Friday, May 27, 2016

3rd Party Liability

Blog Post By:
Dennis R. Kurth, Attorney
Snow, Carpio & Weekley

The workers’ compensation law, besides being an important constitutionally-mandated insurance plan for injured workers, can also be a trap for the unwary in certain situations.  One of those situations is third-party cases.

When a worker is injured because of the negligence of a third-party (someone who does not work for the same employer), the worker can file a claim for and collect workers’ compensation benefits from his/her employer’s insurance carrier and sue the negligent third-party within one year from the date of the accident.  The workers’ compensation law gives the compensation carrier a statutory lien against the injured worker’s third-party recovery to the extent of all of the medical and indemnity benefits it has paid to or on behalf of the injured worker.
Where the settlement of any third-party claim is for less than the amount of the carrier’s lien, however, the injured worker must obtain the compensation carrier’s written approval to settle.  The purpose of this requirement is to protect the workers’ compensation carrier’s subrogation interest which could be extinguished by an inadequate settlement. 

Failure to obtain such written approval can trigger significant penalties including, at the extreme, forfeiture of all future workers’ compensation benefits, both medical and indemnity.  In other words, even if the injury was serious and the worker might need surgery in the future, he/she could never reopen the case.  Although the appellate courts in Arizona, over the years, have backed off on strict forfeiture in these situations, most workers’ compensation carriers, uninformed about case law developments, still try to impose forfeiture where the statute is violated.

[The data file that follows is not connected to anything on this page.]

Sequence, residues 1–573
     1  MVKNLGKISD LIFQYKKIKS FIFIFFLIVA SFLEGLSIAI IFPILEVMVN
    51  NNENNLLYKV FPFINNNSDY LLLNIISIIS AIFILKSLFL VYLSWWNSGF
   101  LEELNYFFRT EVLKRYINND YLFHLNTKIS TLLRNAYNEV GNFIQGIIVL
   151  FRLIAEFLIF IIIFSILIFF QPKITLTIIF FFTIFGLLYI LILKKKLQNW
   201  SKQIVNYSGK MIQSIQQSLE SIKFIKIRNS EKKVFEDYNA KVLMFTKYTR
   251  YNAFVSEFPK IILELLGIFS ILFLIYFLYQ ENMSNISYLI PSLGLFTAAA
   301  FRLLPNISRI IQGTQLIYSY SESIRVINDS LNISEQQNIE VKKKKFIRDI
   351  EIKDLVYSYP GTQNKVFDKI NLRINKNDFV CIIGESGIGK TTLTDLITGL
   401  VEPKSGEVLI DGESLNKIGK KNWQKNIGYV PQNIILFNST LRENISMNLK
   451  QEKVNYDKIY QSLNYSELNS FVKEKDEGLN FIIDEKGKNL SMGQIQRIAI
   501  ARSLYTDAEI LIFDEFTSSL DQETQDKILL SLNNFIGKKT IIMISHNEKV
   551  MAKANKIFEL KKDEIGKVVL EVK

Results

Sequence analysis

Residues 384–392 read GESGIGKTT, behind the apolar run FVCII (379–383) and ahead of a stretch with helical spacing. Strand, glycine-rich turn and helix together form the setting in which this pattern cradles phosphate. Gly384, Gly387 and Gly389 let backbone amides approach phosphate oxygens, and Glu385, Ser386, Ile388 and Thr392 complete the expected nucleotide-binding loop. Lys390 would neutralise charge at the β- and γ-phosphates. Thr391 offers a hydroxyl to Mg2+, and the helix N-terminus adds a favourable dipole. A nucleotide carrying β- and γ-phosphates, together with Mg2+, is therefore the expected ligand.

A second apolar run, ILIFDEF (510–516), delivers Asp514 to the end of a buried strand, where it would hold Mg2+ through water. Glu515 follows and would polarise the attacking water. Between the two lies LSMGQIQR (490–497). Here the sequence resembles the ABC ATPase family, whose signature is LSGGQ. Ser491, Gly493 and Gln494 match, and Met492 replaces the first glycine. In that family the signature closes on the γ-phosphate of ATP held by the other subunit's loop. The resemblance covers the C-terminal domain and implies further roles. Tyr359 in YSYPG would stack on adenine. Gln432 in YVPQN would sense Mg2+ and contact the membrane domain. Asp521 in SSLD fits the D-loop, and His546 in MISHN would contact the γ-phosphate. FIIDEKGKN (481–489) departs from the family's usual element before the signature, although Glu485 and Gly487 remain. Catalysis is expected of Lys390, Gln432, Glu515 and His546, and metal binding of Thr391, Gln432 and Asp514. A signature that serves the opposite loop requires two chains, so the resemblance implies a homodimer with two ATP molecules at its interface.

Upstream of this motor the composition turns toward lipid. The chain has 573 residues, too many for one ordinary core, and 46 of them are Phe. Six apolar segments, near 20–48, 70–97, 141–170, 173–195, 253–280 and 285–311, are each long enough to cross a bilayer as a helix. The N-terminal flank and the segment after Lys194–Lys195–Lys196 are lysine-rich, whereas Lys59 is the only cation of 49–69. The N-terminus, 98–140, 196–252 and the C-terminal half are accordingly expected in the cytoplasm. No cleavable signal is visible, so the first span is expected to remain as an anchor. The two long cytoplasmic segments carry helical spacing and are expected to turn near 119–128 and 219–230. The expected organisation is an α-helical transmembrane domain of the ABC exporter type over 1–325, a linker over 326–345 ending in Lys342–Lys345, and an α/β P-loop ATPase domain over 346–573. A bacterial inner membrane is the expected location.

Injured workers who have third-party cases, especially if they are pursuing these claims without an attorney, should get legal advice from a workers’ compensation attorney before settling such cases so that they do not run the risk of violating the statute and forfeiting future benefits.  These problems can often arise where the third-party, in an auto accident for example, has only a minimum liability policy which is quickly tendered to the injured worker.  It can also happen in the context of a third-party lawsuit where several defendants are sued and a small settlement is reached with a minimally-liable defendant.  In such situations, it is well worth consulting an experienced workers’ compensation attorney to make sure that the settlement complies with the workers’ compensation law and that the injured worker does not forfeit future benefits.

If you or someone you know has been hurt on the job or has an disability that could prevent them from working for at least one year, contact Snow, Carpio & Weekley for a free consultation by calling toll-free at 855-325-4781. You may also visit our website at:

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